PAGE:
Division of Legislative Services > Legislative Record > 2009

HJR 91: Joint Subcommittee Studying Ways in which the Commonwealth May Work More Closely with Virginia's Private, Nonprofit Colleges to Meet State Higher Education Needs

November 16, 2009

The joint subcommittee met in Richmond with Senator Frank M. Ruff, Jr., the joint subcommittee's vice-chairman, presiding. The purpose of the final meeting was to consider and discuss potential final recommendations.

Potential Final Recommendations

State-supported student loan program
This potential legislative proposal would create an updated or "hybrid" Virginia Education Loan Authority (VELA), or could involve Virginia buying into an existing program in another state. The hybrid program would offer federal and alternative loans to students attending Virginia institutions of higher education. A guaranty fund would be created to cover losses and the program would be authorized to accept federal, state, or private funds.

Support for capital projects
This proposal would provide direct support for institutions, or create a fund from which projects can be chosen, based on criteria set by the state. This could be structured similar to Maryland or New York's current program. Maryland's program provides for coordinated budget requests through an independent college authority. The proposed projects must meet certain higher education goals set by the state of Maryland in order to be considered and a 1:1 match by the institution is required. In 2010 three member institutions are to receive $9 million. New York's program provides for a state contribution of one dollar of support for every three dollars spent by the independent college. Grants are awarded by the Higher Education Capital Matching Grant Board consisting of three members, and as of August 6th, 2009, 48 capital projects at 39 colleges had been approved for 2009-2010.

Credit enhancement programs/incentive grants
Based on Mr. Pope's presentation in August 2009, the Commonwealth could lend its credit through a program similar to the Virginia Resources Authority (VRA), as well as set up incentive grants for preferred projects to lower borrowing costs for private colleges. The credit enhancement program would be a little stronger than the Virginia College Building Authority, currently available to nonprofit institutions, as it would allow private colleges to take advantage of bond financing at very affordable low interest rates, through the Commonwealth's subject-to-appropriation undertaking to provide funds necessary to pay bonds if, and only if, the basic payment sources are inadequate. The subject-to-appropriation language provides the necessary assurance to national ratings agencies that the bonds will be paid, but legislation would need to impose standards that would reduce to an absolute minimum the chances that the Commonwealth's subject-to-appropriation obligation would ever be called on. In addition, incentive grants could be utilized to promote capital projects, increase enrollment of Virginia students, or increase financial assistance to Virginia residents.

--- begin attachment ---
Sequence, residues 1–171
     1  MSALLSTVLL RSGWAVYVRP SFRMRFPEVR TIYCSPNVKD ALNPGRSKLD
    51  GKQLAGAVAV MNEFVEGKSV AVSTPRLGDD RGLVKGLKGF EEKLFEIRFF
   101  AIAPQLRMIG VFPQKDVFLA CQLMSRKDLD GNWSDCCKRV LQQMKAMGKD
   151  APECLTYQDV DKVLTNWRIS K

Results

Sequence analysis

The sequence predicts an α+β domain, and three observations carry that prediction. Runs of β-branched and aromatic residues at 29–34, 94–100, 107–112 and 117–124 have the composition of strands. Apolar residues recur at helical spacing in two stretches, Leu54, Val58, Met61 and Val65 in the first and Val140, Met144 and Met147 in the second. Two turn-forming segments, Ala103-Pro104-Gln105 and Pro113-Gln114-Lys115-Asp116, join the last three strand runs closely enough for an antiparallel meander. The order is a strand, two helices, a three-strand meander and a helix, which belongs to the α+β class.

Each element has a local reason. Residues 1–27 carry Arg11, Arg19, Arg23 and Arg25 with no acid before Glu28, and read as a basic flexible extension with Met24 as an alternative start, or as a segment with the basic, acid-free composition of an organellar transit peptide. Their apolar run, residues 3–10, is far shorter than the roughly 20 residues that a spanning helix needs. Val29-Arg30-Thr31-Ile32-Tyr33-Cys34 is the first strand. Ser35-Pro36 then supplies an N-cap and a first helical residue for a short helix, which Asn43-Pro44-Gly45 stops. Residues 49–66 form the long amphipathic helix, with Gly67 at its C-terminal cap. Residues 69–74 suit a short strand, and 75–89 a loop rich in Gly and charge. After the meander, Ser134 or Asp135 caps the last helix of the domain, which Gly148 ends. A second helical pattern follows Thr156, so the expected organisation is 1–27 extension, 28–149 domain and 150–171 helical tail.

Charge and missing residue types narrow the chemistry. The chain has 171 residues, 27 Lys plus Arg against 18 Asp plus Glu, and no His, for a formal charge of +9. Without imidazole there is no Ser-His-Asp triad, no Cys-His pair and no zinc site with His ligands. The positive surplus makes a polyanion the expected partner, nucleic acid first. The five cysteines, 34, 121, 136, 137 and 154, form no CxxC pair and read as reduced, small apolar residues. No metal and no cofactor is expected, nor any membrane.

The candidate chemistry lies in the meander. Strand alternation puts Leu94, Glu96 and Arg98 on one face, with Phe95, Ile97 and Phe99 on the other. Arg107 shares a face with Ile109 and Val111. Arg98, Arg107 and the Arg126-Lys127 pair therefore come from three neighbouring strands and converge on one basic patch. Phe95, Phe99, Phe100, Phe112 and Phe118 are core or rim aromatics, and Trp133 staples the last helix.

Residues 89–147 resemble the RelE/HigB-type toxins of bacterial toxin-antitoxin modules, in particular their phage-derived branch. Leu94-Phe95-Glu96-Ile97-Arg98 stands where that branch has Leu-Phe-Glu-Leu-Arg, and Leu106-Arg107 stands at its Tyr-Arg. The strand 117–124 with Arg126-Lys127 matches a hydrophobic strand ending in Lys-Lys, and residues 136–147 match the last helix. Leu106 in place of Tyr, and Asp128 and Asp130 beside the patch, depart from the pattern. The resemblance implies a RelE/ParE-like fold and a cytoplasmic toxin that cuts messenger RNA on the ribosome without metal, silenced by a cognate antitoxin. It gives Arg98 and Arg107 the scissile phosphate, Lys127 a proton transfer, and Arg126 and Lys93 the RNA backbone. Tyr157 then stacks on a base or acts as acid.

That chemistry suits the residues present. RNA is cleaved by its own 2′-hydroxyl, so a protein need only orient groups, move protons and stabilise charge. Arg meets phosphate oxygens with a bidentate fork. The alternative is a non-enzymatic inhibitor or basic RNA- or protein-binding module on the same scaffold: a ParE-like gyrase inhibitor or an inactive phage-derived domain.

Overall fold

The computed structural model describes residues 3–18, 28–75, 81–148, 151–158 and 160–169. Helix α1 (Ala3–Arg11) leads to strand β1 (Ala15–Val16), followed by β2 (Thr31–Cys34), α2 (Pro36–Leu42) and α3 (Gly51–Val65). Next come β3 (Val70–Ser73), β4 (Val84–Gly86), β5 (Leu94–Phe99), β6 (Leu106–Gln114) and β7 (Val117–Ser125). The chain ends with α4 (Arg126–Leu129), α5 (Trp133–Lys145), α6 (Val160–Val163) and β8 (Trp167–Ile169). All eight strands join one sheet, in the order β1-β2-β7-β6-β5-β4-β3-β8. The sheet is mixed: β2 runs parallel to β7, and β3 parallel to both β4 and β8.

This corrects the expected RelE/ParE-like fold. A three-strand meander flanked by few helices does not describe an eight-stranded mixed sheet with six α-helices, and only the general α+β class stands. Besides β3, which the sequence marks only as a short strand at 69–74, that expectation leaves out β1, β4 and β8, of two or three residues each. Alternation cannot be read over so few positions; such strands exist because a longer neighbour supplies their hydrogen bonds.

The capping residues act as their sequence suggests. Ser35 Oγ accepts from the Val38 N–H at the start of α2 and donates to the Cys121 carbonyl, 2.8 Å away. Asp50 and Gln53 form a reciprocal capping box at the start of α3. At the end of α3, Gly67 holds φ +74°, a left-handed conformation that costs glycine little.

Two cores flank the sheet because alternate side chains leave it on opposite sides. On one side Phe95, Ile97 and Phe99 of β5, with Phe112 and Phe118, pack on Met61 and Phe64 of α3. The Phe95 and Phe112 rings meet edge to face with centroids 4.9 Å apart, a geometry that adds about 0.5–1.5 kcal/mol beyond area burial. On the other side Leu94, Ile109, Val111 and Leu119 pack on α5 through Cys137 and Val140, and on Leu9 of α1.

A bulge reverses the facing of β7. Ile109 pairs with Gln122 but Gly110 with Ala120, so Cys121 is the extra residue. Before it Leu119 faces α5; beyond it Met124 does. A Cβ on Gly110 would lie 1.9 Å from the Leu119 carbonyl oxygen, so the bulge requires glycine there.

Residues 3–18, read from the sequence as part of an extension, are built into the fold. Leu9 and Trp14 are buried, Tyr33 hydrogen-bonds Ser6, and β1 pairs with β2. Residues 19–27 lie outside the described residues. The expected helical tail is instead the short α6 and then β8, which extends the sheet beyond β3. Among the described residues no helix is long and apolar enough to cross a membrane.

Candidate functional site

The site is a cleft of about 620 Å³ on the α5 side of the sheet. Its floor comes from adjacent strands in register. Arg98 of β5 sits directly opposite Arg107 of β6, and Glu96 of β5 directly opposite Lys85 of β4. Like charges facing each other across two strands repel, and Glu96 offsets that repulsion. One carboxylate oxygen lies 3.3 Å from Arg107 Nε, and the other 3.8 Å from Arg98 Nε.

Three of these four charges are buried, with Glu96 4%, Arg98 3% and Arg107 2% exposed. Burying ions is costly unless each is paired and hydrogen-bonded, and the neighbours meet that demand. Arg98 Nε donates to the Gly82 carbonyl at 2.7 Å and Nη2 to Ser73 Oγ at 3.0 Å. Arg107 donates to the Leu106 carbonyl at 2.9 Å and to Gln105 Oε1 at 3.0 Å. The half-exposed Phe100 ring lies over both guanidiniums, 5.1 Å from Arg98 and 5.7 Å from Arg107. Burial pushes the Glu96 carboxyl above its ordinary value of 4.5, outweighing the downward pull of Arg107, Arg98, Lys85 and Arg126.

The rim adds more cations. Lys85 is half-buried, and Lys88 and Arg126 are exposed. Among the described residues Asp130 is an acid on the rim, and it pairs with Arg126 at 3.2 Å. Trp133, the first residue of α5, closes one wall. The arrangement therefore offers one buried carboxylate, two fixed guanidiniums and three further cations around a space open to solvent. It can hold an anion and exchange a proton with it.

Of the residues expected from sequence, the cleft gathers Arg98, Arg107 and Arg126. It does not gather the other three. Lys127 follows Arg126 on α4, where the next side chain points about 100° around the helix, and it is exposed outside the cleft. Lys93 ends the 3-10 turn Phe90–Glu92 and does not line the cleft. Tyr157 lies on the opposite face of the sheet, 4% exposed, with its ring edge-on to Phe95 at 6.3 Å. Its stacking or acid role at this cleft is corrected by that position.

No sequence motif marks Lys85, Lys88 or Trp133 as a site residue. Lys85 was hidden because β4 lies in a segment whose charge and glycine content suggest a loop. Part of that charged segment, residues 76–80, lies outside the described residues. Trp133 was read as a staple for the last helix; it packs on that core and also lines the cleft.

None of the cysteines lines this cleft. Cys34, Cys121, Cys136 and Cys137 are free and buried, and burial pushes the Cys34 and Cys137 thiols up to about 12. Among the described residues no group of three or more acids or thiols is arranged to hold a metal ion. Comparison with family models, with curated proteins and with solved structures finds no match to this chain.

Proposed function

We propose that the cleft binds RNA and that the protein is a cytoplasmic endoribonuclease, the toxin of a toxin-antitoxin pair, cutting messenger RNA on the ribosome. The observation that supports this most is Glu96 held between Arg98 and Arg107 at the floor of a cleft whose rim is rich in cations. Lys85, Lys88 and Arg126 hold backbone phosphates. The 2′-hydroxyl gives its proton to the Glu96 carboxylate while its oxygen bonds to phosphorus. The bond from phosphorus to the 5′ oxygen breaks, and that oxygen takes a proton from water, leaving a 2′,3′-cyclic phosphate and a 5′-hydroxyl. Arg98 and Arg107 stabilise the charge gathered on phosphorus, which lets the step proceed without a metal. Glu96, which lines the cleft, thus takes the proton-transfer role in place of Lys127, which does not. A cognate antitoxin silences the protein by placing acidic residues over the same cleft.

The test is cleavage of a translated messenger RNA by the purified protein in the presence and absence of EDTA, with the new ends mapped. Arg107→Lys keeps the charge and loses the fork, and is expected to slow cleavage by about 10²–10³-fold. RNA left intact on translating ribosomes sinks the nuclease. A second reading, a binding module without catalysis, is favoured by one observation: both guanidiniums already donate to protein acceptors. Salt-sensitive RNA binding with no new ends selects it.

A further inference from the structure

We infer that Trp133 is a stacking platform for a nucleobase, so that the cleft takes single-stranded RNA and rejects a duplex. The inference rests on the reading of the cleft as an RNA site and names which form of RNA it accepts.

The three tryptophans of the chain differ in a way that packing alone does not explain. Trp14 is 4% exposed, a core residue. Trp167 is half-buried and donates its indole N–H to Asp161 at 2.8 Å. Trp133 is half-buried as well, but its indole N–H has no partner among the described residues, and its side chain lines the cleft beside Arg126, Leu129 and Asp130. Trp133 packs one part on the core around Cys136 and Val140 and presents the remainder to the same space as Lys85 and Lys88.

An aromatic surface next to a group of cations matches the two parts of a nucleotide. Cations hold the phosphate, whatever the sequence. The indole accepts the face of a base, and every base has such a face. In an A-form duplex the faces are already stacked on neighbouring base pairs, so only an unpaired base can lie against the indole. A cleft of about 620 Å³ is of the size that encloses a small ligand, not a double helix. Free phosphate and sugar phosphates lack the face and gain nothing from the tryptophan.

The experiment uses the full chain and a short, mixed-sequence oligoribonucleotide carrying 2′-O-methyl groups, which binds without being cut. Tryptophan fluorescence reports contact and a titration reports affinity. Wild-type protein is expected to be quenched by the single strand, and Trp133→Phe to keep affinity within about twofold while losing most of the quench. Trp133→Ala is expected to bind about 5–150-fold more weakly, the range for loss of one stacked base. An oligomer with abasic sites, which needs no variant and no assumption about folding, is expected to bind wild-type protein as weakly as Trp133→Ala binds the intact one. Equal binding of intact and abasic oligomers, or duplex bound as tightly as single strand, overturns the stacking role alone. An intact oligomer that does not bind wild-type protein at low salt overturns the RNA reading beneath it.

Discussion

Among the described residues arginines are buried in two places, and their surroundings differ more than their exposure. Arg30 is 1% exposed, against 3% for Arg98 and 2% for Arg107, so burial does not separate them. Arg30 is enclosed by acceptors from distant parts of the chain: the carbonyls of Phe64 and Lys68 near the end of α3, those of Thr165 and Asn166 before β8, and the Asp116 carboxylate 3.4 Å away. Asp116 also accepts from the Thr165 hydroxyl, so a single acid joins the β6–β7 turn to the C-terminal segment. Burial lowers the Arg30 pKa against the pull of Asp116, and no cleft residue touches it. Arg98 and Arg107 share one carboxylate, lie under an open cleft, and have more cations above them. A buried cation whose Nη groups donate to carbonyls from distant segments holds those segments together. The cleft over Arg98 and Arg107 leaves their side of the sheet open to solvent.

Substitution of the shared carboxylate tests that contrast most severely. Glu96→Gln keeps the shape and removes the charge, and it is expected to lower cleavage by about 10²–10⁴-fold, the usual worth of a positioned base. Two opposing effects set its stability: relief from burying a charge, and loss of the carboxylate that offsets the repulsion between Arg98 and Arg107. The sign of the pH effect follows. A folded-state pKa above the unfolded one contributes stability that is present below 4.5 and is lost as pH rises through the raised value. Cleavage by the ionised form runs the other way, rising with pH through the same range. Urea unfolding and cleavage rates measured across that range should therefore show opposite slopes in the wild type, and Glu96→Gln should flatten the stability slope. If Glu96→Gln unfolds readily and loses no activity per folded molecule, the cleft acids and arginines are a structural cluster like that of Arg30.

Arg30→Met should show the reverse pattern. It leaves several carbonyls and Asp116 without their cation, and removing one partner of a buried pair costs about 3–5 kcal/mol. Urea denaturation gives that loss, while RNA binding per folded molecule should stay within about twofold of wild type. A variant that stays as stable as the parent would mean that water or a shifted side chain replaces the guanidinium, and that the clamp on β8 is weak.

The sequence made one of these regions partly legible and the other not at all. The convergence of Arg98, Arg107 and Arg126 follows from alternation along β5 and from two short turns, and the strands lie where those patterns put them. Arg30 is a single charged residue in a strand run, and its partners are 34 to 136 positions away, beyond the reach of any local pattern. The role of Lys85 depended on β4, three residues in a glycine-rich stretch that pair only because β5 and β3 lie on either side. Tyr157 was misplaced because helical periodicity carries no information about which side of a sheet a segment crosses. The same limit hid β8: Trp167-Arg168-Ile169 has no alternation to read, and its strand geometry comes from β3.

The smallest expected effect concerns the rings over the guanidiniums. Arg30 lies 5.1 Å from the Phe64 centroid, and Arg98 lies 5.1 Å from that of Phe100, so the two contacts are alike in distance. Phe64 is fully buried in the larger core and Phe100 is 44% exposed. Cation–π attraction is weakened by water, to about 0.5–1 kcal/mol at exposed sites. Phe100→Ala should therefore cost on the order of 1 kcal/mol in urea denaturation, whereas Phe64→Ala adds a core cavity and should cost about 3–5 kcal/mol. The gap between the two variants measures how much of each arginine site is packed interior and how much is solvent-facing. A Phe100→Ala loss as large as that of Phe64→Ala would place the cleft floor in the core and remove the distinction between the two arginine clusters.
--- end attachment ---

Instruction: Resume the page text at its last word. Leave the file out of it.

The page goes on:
Shortage area funding
Virginia has two existing programs, for teachers and nurses; these could be expanded, or new programs added based on need.

Tuition Assistance Grant expansion/promotion
This could involve an increase in the award amount or creation of a TAG website or promotional campaign. The 2009-2010 award amounts provide $3,200/year for undergraduate students and $2,200/year for graduate students. Currently, the award amount represents roughly 51 percent of the average state tuition subsidy to public institutions for in-state students.

Direct per capita funding
Direct appropriations to nonprivate colleges and universities could be based on the number of students enrolled, degrees granted, minorities or special needs students enrolled, or the number of Virginia residents enrolled.

State matching program for either federal or private research grants
There was little discussion regarding this item due to state budget concerns.

Final Recommendations

The joint subcommittee voted to put forth one legislative recommendation during the 2010 Regular Session of the General Assembly. The recommendation would create a credit enhancement program modeled after the VRA to allow the nonprofit private institutions to take advantage of the Commonwealth's credit rating in obtaining bond financing. The program would impose a moral obligation on the Commonwealth to step in if a private college or university defaults at any time. The members emphasized that strict criteria should be imposed in order for a private institution to be eligible to participate and to further minimize risk to the Commonwealth.

In addition, lengthy discussion established the desire of the joint subcommittee to include language in the final report that is supportive of several of the other proposed recommendations for which the current economic conditions in the Commonwealth make implementation difficult. An executive summary of the joint subcommittee's findings and recommendations will be submitted no later than the first day of the 2010 Regular Session of the General Assembly and a final report will be submitted to the General Assembly and to the Governor in 2010.

The Hon. Phillip Hamilton

For information, contact:
Jessica Eades, Nicole Cheuk, DLS Staff

Division of Legislative Services > Legislative Record > 2009